06 January 2009

Ode to McCabe & Mrs. Miller

Upon seeing McCabe & Mrs. Miller for the third time a couple of weeks ago (it makes for a nice anti-holiday screening), I became convinced that it is my favorite film. "Favorite film" is a loosely-defined term, even when I am the one defining it, so this isn't an entirely significant change. I am not even sure what McCabe & Mrs. Miller is replacing from the number one spot: I usually say Seven Samurai is my favorite film, sometimes I say 8 1/2 or Annie Hall; every now and then I will say Ran to sound profound. But none of those really convinced me. In any case, the third screening of Altman's film, which was shown for a few friends, allowed me the pleasure of deeper immersion into the film in terms of understanding as well as the reflected enjoyment given to me from those others watching it for the first time. I want to write something significant about McCabe & Mrs. Miller - about Cohen's songs, about the widescreen composition, about obscured vision and sound, about the inability to connect, about the inversion of the Western genre, about Warren Beatty, about loneliness - but I don't think any type of academic analysis would express my love for this film properly. Here instead I have a crude poem dedicated to my favorite film, which I hope reaches whatever cinematic cloud of heaven on which Altman is directing the overlapping dialogue of angels.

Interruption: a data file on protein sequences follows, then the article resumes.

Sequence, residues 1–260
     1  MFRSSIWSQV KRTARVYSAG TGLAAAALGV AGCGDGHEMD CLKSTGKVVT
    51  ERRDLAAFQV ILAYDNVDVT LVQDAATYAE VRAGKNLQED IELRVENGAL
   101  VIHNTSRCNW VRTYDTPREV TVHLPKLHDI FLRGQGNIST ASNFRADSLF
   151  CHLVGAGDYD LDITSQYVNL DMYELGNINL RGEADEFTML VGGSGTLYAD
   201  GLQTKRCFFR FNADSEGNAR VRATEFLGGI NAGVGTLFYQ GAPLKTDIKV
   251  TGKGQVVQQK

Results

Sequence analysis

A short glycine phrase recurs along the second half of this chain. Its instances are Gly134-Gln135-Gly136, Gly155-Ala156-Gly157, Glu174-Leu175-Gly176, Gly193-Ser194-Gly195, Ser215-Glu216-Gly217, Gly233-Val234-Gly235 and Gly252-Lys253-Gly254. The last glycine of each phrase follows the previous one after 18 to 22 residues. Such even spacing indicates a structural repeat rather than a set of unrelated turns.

& Mrs. Miller

Presbyterian Church is an elegy
to the West -- a deathbed
of snow and loneliness where
men talk under their breath
to no one in particular,
asking for a drink or
maybe some love.

He sits and wipes his hat,
flashes the smile of a stranger
while he deals out hands
some hope to win, though
everyone loses.

And she loves him
like some feverish dream,
but cannot show it,
not even to herself;

And he loves her,
the funny thing,
but can't say
how or why.

So faceless men chase him
in the bluewhite death
of a landscape that is his
to walk alone,
wherein his last goodbye
is made to a yellow orb
floating in a glass of whiskey.

For she is staring at the surface
of some false egg
on which she dances with him
and is only then able
to smile and say:
I need you,


James said...

This Altman western is one of my favorite westerns and one of my favorite films of Mr. Altman. AS a young man, Altman was the beacon my film friends and I made our way to. It's sadness is enveloping and it says a lot about how human beings never say what they want to until its too later or never.

It even drove you to poetry.

Better you express yourself in other ways about something you love so much instead of in a dry academic manner. Academia destroys the urge for raw emotion and it frowns on passion.


THE FUTURIST! has, according to his therapist Dr. Davey (the youngest psychologist on the East Coast), a fear of dying in the snow. He dreams of it regularly.

pat! said...

endless thanks for showing this movie. it felt like a sneak peek into a very alive parallel universe. that last shot will break my heart over and over again. and i like your poem.

thanks for also showing TWO-LANE BLACKTOP

we need to continue movie night in case there is another goldmine of a movie that will give meaning to my life lol